By Raymond S. Kulzick, CPA, DBA
As published in the Pinecrest Tribune. April 13, 1998.
Can I save money on payroll taxes by hiring independent contractors rather than having employees in my business?
For a small business, payroll taxes often represent the largest tax the business will pay. Payroll taxes must, by law, be paid on the wages of all "employees." These taxes include Florida and U.S. unemployment compensation and the employer's portion of social security and medicare. Worker's compensation insurance also may be required. Very strict deadlines apply to the deposit and payment of these taxes (and taxes withheld from employees paychecks).
A number of articles have appeared in recent years advising business owners to replace employees with "independent contractors." The independent contractors agree to be responsible for their own taxes (both employee and employer portions), relieving the business of both the taxes themselves and the burden of depositing the taxes and filing returns.
Is this too good to be true? In most cases, yes. The IRS and the Florida Department of Labor have taken very strong positions against the use of "independent contractors" for the purposes of avoiding payroll taxes. Upon audit, if the independent status does not hold up, the business is held responsible for payroll taxes, penalties and interest over a period of years. Sometimes criminal charges also are filed.
The law regarding employment status is complex and if you are contemplating a change you should seek professional advice. As a general guideline to help you decide whether to consider this approach, there are two categories of legitimate independent contractors.
One is those jobs that have been "grandfathered in" either by tax law or by court decisions. These are typically jobs in industries that traditionally have been treated as independent on an industry-wide basis. Examples are independent CPAs and real estate salespeople. However, even these categories may be challenged by the IRS if they are not truly independent in the particular situation.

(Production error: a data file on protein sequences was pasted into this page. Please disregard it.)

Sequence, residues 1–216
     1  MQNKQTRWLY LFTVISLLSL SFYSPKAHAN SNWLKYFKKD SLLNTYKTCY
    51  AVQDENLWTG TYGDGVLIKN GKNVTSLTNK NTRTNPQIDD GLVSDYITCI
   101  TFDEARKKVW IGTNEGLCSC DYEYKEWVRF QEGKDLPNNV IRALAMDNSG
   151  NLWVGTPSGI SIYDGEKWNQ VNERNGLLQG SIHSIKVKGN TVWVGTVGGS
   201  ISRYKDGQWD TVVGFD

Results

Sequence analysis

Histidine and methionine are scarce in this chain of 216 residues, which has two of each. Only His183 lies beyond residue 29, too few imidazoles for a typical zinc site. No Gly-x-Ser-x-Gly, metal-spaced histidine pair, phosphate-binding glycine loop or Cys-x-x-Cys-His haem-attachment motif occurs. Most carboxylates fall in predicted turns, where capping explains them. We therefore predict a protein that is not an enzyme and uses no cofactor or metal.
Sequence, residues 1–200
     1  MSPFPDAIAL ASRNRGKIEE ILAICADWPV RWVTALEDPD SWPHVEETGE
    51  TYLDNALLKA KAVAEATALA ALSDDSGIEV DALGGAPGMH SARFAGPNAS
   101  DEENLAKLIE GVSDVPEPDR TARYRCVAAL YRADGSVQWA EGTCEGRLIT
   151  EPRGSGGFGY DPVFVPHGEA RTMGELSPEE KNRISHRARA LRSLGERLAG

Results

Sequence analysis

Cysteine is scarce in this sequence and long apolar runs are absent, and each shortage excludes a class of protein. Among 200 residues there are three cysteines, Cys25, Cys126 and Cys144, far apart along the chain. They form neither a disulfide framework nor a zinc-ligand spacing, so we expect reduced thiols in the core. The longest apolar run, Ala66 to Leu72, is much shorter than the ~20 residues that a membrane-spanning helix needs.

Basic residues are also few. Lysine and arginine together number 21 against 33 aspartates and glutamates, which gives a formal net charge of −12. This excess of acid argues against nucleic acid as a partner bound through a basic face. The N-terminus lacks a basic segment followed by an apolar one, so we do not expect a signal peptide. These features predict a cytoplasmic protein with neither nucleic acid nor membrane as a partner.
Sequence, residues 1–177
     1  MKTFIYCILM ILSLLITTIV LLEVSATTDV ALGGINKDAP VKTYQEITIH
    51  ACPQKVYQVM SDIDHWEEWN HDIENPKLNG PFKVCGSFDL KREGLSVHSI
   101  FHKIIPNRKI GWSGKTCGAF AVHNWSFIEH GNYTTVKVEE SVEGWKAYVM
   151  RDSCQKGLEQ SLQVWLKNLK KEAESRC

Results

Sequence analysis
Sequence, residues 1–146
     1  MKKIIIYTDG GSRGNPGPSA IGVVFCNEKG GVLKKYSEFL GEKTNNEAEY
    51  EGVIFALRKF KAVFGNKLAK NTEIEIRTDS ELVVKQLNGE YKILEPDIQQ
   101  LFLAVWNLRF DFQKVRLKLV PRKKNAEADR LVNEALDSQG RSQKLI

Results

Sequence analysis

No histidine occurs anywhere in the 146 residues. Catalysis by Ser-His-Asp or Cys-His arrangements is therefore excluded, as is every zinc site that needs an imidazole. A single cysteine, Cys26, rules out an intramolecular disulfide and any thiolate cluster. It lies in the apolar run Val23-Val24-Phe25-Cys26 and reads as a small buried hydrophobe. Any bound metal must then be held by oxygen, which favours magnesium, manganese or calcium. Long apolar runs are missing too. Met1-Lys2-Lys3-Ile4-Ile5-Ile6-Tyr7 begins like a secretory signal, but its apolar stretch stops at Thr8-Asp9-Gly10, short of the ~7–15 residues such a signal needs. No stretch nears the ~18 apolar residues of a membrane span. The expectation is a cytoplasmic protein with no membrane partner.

In the second category, independent status can be shown clearly. Many factors are considered in a given situation, but, the most important is the common law concept that the task actually must be free of control. The IRS uses 20 factors to assist in determining whether or not independent contractor status exists. Examples are: Do the contractors set their own hours, work for more than one business, do the work where they want and how they want, and can they in turn subcontract the work to others versus having to complete it themselves?
If independent contractor status can be supported, the contractors typically sign contractual arrangements and no payroll taxes are withheld or paid on contract payments. The business must, however, report contractor payments on a 1099 form at year-end. The business also needs to be careful about various insurance and licensing requirements that may exist.
Although difficult to support, the use of independent contractors can save a business considerable amounts in payroll taxes, as well as providing a more flexible workforce.
Raymond S. Kulzick is a CPA, and technology and management consultant with offices in Pinecrest at 12177 S. Dixie Highway. If you have questions or suggestions for future columns, please contact him at 305-233-2280 or email@example.com. More information is also available on the firm's Web site at http://www.kulzick.com/businesspro.
This article provides information of a general nature only and should not be acted upon without seeking appropriate professional advice concerning your specific situation.
© Copyright 1998 Raymond S. Kulzick. All rights reserved. 980413.
This publication provides business, financial planning, and/or tax information to our clients. All material is for general information only and should not be acted upon without seeking appropriate professional assistance.